Update: As of the 2nd of August, it was announced there will be a new bike course utilized for the 2018 edition of the race. This overview is for the old course. If there is enough interest, we will look to provide an overview of the new course prior to this year’s race.
The bike course at Powerman Zofingen is well feared by athletes attempting this race. At 150km long with around 1845m of climbing, some of it well above a 10% gradient, it’s easy to see why this is the case. However these number alone don’t tell the full story in why the course is as hard as it is. The bike course comprises of 3 50km laps with 615m of climbing. On each lap, athletes have to tackle 3 climbs. None of these climbs are particularly long or overly challenging by themselves. This tends to lead athletes into a false sense of security come race day if they had carried out a pre-ride of the lap during race week. The accumulation effect of these climbs is one of the big reasons why it’s such a challenging.
This is the first climb of significance that you come across on the lap. It starts at around 7.5km in after making a right hand turn and is approximately 4.7km long. This climb starts of fairly easy at around 2-3% for the majority of the climb. In the final 1.5km the climb starts to ramp up to where the final 500m are at around 8% average.
The Bodenburg is the big daddy of the climbs on the Zofingen course. The climb starts as not long after you pass a large house/barn on the right hand side of the road. While the climbs average gradient is 5.1%, very little is actually at this gradient. The climb consists of 3 significant ramps which really hurt the legs. The first ramp is around 1km long at an average gradient close to 10% which takes you up to a T intersection where you turn right. This is also where the “halfway” timing split mats are lactated. Here your legs get a short rest before it ramps up again for another 1km section, this time at a 8% average with a short section at above 12%. After this there is around 1km of rolling climbing followed by around small ramp up to the top of the climb. The feed station is located here at the top of the climb just after you exit the trees.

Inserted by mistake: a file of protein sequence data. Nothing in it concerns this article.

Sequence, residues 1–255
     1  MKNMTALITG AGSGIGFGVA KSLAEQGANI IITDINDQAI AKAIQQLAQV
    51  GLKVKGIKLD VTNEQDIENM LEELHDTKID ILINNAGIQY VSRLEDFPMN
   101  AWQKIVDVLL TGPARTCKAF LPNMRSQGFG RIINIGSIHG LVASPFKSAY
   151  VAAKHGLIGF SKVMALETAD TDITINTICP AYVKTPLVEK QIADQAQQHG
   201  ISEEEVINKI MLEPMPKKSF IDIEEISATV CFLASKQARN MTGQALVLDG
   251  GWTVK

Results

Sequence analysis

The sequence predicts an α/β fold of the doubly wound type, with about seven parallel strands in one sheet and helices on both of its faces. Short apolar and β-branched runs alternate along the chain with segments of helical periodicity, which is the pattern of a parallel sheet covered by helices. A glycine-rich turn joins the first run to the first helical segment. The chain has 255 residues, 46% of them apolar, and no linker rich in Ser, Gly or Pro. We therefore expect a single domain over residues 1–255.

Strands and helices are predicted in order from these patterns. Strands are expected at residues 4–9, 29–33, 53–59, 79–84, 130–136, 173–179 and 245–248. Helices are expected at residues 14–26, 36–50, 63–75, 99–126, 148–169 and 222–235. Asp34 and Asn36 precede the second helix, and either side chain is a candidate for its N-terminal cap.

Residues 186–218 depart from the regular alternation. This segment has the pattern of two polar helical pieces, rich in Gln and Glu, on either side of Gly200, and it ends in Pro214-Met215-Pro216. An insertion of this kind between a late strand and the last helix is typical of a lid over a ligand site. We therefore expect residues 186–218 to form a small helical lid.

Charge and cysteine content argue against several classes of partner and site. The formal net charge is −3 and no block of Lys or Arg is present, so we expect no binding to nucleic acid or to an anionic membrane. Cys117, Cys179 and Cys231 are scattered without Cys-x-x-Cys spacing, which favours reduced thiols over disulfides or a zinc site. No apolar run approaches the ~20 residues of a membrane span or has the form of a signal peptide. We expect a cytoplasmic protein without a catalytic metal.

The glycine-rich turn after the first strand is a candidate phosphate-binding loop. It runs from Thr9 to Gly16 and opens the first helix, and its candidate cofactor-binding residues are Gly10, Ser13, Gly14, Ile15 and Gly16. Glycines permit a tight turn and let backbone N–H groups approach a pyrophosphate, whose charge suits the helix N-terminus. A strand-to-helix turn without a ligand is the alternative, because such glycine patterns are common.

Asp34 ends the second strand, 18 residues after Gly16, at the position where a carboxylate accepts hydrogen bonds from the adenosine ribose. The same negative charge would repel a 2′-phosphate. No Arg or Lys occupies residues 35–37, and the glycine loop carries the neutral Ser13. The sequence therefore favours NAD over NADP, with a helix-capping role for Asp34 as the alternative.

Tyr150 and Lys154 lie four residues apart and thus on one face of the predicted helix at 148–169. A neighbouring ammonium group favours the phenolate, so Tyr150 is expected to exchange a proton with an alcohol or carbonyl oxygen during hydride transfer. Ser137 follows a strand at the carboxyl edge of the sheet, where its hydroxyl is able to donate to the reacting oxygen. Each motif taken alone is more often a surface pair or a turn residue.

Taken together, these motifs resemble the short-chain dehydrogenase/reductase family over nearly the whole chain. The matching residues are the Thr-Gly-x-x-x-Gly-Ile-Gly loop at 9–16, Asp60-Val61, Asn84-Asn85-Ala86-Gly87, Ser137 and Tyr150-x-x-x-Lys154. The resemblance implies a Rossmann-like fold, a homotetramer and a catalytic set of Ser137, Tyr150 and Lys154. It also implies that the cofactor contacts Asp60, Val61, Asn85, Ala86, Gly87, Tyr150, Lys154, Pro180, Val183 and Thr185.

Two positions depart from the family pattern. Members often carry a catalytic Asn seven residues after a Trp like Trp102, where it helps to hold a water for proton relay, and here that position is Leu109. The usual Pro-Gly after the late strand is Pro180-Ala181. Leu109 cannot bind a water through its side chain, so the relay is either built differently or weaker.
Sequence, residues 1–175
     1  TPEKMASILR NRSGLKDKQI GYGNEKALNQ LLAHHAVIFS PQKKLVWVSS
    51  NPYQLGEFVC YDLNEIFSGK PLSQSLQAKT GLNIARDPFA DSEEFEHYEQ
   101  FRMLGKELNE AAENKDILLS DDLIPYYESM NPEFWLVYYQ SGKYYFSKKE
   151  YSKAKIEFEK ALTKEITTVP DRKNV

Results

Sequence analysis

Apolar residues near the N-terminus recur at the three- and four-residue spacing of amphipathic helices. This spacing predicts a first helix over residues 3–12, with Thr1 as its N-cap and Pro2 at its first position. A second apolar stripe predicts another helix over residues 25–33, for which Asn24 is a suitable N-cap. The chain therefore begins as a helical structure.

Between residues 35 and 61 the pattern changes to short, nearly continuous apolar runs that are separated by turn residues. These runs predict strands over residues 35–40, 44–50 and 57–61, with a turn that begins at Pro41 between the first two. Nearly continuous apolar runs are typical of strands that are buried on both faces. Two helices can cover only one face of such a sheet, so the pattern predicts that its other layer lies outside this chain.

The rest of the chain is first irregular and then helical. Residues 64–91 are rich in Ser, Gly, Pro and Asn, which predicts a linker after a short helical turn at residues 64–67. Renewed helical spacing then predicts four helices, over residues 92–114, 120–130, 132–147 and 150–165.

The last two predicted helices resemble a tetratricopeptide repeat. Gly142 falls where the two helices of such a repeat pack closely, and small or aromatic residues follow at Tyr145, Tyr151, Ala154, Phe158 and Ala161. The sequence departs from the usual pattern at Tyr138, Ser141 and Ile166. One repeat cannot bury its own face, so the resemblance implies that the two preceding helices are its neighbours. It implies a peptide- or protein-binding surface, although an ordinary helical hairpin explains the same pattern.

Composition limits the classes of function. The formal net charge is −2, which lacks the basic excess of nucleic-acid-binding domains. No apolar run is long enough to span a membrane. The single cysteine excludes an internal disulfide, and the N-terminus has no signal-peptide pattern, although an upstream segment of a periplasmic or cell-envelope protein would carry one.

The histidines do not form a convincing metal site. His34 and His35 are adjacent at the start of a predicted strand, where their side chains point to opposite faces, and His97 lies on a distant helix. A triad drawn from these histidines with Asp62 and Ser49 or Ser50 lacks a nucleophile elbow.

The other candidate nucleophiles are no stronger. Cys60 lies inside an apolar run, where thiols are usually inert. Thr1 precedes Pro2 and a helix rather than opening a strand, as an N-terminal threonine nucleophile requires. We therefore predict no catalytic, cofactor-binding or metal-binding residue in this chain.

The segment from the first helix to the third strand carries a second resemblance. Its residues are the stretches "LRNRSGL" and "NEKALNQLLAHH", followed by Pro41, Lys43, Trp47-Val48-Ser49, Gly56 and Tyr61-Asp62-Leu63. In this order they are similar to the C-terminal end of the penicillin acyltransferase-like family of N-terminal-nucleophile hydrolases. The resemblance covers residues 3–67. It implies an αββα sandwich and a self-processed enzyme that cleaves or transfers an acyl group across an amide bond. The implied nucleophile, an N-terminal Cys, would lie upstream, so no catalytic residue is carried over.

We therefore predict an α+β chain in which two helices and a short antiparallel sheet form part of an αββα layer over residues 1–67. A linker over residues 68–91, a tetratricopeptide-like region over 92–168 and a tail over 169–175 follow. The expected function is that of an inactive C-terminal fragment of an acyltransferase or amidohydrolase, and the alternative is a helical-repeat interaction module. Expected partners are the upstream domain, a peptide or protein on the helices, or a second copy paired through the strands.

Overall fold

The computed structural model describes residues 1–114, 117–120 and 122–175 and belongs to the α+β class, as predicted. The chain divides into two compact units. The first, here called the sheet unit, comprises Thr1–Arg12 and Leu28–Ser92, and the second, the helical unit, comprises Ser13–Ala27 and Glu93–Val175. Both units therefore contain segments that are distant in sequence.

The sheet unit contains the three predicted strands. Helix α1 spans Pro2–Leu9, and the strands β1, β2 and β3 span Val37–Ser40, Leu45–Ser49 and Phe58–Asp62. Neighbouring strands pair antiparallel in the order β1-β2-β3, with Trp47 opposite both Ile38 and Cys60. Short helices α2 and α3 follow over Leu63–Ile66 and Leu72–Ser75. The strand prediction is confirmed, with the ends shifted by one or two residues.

This is the shortest and easiest climb on the course, at around 2km long and 4% gradient. This does not mean you should not worry about it as the final time you start this climb you have 135km of riding already in your legs. The climb features a fairly consistent gradient which allows you to find a rhythm to help get you over it a little more comfortably.
The descents on the Powerman Zofingen course are not what you might come to expect on a course with the type of climbs that feature. They are, for the most part, at a low shallow gradient. In my mind this is just as big a factory as the climbs in why the course is so challenging. Often on hilly courses, athletes get a chance to rest the legs a little while gaining some free speed on the downhills. This is not the case here, athletes have to work hard and keep pressure on the pedals to maximise any gains coming off these descents. There is very little opportunity to free wheel and rest.
So there you have it a bit of the overview on the bike course at Powerman Zofingen. We hope this helps you in your race preparations. This is just a small sample of the level of detail we go into when carrying out course analysis for athletes competing in goal races. If you would like more details on Powerman Zofingen or would like help with analysing any other event, please feel free to enquire about one of our many services.